Nakba Day, or “Day of the Catastrophe,” was the day the Arabs commemorated the disaster of Israel’s creation in 1948. Today is Naksa Day, on which they commemorate the disaster of Israel’s victory in 1967. (“Naksa” translates roughly to “setback.”)
The Lebanese army, perhaps in response to a warning from Israel, has shut down access to the Lebanese-Israeli border, ensuring that there will be no clashes on that front today between protesters and the IDF. (A planned rally by Palestinian refugees at the border has been indefinitely postponed.) In Syria, however, the army has not only kept access to the Syrian-Israeli border open but has assisted the protesters by digging a trench for them twenty meters from the Israeli line.
Hundreds of Syrians massed accordingly this morning on the Golan border. Clashes broke out with the Israelis, who are reported to be using tear gas and other crowd dispersal weapons against them. Syrian television is reporting that the IDF has killed five and wounded nine, but I’m not seeing confirmation of this yet in the Israeli media.
The IDF is also clashing right now with hundreds of Palestinians massed at the Qalandiya checkpoint between Ramallah and Jerusalem. A police officer was injured by a rock thrown during a demonstration at Isawiyah in East Jerusalem, and about a dozen protesters were arrested there. Palestinians also threw firebombs toward Hadassah University Hospital near Mount Scopus in Jerusalem, with no injuries resulting.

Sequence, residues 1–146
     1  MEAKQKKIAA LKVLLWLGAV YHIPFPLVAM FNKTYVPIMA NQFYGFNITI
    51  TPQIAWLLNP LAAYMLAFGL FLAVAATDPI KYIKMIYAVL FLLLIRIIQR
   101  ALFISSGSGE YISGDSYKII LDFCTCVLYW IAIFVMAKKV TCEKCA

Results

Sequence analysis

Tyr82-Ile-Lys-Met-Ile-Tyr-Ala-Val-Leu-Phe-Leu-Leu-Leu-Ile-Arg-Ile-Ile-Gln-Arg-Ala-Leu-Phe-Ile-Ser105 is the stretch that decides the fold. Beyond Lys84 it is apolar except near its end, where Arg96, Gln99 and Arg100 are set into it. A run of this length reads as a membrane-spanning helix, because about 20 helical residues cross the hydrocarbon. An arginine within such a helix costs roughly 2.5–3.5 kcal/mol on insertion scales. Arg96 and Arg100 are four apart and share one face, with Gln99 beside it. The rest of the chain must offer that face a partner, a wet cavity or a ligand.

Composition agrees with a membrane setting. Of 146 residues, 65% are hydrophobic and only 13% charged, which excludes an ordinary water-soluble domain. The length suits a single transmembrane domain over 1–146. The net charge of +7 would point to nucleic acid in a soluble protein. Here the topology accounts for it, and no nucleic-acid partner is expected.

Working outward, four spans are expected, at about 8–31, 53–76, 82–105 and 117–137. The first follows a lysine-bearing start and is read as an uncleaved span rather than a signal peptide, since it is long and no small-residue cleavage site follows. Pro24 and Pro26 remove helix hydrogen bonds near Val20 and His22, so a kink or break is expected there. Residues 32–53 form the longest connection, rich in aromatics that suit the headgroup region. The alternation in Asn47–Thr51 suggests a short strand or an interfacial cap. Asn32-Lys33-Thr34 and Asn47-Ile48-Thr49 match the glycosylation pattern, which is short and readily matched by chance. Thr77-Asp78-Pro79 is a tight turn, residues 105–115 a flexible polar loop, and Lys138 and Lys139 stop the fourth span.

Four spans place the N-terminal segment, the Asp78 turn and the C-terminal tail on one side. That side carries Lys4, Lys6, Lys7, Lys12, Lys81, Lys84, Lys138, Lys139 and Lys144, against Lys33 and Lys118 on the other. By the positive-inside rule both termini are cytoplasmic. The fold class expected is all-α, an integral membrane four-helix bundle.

It’s still relatively early, but I’ll venture to say that what’s interesting about today is not what’s happening but what isn’t. As noted, the Lebanese border is quiet, and so, apparently, is the Gazan border (as of 2:00 pm, I’m seeing no reports of clashes). This suggests that Hezbollah and Hamas, both Iranian proxies, have calculated — possibly because their Syrian conduit is in a state of uncertainty bordering on chaos — that this is not the time to start something with us.
In a simpler age, this show of vulnerability would have represented a strategic opportunity for us. But Israel has grown fearful of anything resembling what was once called “active defense,” otherwise known as the preemptive strike, for fear of the opprobrium that would be heaped on us as its result. I imagine that a strike of that kind is probably particularly hard for the powers that be to stomach on the anniversary of the 1967 war, which was marked by one of the most spectacular preemptive strikes in the history of warfare (the Israelis wiped out the Egyptian air force, on the ground, in Egypt). It can be argued that the resonances would be too difficult to overcome, and would likely exceed any tactical victory we might be able to attain.
We are not to be permitted any decisive victories — as President Obama has indicated, armistice lines resulting from defensive wars are ultimately to be considered starting points for border negotiations — so our greatest asset, our military, might not be enough ultimately to protect us.
UPDATE: It is now evening, and calm has been restored to the Syrian border after a messy day. Syrian TV is reporting 20 dead. During the protests, Syrians cut through the barbed wire fence separating Israel from Syria. It also appears that at least four anti-tank mines exploded near Quneitra on the Syrian side of the border, injuring many. The explosions were apparently sparked by fires that were started when protesters threw Molotov cocktails towards Israel.
IDF spokesman Brigadier-General Yoav Mordechai confirmed that IDF troops had opened fire but is not confirming any casualty figures at this point. “It’s a message to anyone who tries to violate Israel’s sovereign borders,” he said, calling the army’s response “measured, focused and proper.” The IDF called the protests a “clear provocation intended to divert attention from what is happening in Syria.” At a cabinet meeting today, PM Benjamin Netanyahu said, “To my regret, today there are extremists around us trying to breach our borders, and threaten our towns and citizens. We will not allow this.” Earlier this week, he said, “Like any country in the world, Israel has the right and obligation to guard and defend its borders.”